Synopses & Reviews
Unprecedented in scope, this beautiful book offers an authoritative examination of the modern history of the Caribbean through its artistic culture. Featuring 500 color illustrations of artworks from the late 18th through the 21st century, the book explores modern and contemporary art, ranging from the Haitian revolution to the present.
Acknowledging both the individuality of each island, the richness of the coastal regions, and the reach of the Diaspora, Caribbean looks at the vital visual and cultural links that exist among these diverse constituencies. The authors examine how the Caribbean has been imagined and pictured, and the role of art in the development of national identity. Essays by leading scholars cover such topics as the interconnections between Caribbean artistic production to its colonial contexts; between various generations of artists; and between the so-called high and low arts and religion, music, and carnival celebrations. Primary source documents crucial to understanding the region provide an important complement.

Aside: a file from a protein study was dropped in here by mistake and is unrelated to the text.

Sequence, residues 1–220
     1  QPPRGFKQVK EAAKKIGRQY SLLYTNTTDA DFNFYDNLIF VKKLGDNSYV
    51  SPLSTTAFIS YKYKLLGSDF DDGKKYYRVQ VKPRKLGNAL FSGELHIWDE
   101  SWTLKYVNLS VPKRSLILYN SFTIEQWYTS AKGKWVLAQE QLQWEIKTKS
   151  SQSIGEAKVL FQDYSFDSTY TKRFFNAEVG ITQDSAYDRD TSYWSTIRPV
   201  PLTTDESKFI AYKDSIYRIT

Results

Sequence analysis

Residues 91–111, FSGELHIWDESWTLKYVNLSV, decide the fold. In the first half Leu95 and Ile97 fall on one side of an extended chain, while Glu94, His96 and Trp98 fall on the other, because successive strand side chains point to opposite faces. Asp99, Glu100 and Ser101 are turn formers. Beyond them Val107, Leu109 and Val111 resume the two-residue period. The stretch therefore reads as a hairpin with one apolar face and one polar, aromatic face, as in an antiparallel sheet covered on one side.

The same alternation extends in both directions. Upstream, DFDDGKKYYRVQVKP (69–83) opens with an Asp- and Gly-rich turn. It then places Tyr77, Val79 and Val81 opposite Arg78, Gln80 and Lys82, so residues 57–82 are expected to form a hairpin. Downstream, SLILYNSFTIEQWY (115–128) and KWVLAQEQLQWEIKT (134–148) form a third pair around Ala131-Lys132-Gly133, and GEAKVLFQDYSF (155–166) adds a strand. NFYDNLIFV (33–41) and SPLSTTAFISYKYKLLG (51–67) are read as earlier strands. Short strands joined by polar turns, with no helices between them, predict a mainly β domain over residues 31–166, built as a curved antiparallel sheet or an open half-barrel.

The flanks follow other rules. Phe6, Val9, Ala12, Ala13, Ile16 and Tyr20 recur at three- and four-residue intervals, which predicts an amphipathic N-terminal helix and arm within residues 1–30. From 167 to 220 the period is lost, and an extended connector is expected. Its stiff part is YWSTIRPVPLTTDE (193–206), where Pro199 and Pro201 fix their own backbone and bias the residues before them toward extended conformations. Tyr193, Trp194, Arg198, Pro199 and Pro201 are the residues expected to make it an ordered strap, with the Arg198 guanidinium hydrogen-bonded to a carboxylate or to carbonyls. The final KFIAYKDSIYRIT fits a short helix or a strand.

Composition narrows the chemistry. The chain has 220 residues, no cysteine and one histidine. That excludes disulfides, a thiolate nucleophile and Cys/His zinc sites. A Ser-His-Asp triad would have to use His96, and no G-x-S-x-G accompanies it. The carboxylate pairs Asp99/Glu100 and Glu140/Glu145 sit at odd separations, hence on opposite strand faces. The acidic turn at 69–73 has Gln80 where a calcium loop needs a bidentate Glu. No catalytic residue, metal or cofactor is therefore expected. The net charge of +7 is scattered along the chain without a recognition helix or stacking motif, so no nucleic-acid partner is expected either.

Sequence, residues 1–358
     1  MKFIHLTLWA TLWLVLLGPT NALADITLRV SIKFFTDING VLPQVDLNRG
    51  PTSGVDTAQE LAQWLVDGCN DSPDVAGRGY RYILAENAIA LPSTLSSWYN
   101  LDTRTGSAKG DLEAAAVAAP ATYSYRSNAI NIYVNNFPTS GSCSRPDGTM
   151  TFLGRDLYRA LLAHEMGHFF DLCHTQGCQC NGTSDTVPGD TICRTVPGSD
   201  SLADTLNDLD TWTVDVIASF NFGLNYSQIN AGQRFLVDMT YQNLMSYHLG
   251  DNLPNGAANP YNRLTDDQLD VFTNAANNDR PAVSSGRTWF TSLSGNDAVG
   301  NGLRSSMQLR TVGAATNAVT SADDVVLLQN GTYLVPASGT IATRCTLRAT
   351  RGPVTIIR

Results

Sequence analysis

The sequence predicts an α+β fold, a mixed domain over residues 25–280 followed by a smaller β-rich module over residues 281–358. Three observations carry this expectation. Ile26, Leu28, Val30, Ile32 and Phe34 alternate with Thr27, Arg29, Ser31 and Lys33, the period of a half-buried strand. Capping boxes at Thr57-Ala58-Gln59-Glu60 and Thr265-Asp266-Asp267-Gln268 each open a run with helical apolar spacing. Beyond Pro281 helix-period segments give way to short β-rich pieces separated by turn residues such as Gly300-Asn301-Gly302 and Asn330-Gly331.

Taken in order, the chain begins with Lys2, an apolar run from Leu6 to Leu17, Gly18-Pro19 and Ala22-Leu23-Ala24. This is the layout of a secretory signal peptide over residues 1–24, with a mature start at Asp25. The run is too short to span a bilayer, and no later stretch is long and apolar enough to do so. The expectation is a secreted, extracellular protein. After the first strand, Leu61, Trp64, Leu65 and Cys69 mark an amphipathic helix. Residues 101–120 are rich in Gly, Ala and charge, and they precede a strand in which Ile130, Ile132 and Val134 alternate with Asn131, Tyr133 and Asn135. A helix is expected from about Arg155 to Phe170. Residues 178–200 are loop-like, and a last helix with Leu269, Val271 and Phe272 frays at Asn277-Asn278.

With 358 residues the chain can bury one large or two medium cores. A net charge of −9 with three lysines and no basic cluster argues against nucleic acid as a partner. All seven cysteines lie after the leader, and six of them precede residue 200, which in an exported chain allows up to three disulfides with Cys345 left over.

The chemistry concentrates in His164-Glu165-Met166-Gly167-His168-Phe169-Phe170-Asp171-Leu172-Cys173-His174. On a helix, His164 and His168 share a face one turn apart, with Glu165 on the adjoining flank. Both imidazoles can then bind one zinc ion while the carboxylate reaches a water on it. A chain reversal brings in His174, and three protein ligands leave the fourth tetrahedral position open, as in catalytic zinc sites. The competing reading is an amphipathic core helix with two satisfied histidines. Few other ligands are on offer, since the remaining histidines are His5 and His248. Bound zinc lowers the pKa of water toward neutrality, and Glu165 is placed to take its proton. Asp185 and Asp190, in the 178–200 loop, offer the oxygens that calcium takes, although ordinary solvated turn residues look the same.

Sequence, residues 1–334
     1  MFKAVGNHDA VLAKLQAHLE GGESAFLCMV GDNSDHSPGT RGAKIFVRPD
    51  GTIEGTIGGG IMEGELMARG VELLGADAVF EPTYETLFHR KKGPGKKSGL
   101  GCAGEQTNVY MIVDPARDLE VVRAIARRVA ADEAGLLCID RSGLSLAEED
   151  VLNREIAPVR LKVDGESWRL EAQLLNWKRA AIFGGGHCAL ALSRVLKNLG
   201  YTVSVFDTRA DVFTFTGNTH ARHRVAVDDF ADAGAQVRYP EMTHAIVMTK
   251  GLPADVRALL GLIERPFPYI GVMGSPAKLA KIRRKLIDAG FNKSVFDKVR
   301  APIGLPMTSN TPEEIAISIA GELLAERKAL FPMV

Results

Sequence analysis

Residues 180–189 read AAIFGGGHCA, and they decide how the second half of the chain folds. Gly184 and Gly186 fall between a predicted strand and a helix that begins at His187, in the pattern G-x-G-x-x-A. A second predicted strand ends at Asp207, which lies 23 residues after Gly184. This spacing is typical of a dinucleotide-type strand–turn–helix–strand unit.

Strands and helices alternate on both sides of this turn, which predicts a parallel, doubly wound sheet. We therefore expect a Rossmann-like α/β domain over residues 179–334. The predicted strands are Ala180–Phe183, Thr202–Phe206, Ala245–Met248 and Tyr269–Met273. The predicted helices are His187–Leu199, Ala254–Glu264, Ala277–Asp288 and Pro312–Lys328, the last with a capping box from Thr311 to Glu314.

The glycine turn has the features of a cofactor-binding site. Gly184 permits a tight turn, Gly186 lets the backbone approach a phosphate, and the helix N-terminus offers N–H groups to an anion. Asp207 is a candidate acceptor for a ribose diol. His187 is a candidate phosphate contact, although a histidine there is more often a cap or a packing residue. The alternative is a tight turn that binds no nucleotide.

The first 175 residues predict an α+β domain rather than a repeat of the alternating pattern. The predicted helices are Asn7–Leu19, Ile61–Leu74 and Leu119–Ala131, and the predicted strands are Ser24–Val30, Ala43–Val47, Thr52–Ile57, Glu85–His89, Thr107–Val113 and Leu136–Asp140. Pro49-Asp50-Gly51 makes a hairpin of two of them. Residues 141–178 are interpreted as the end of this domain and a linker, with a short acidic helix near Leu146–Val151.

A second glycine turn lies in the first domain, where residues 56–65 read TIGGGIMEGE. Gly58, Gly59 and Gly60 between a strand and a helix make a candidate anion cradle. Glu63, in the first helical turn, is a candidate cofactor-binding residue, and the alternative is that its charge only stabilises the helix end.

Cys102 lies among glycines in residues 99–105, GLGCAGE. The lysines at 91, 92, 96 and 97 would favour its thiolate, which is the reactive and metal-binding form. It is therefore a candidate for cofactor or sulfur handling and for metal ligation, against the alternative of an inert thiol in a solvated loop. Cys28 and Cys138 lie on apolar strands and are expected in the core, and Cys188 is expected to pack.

Edited by Deborah Cullen and Elvis Fuentes, and featuring essays by Katherine Manthorne, Mari Carmen Ramand#237;rez, Lowery Stokes Sims, and Edward J. Sullivan, among many others, this book will serve as the definitive volume on Caribbean visual culture for many decades to come.
The first book to explore the entire range of modern and contemporary art of the Caribbean
About the Author
Deborah Cullen is director of curatorial programs at El Museo del Barrio, New York, and editor of Nexus New York: Latin/American Artists in the Modern Metropolis (Yale). Elvis Fuentes is associate curator at El Museo del Barrio.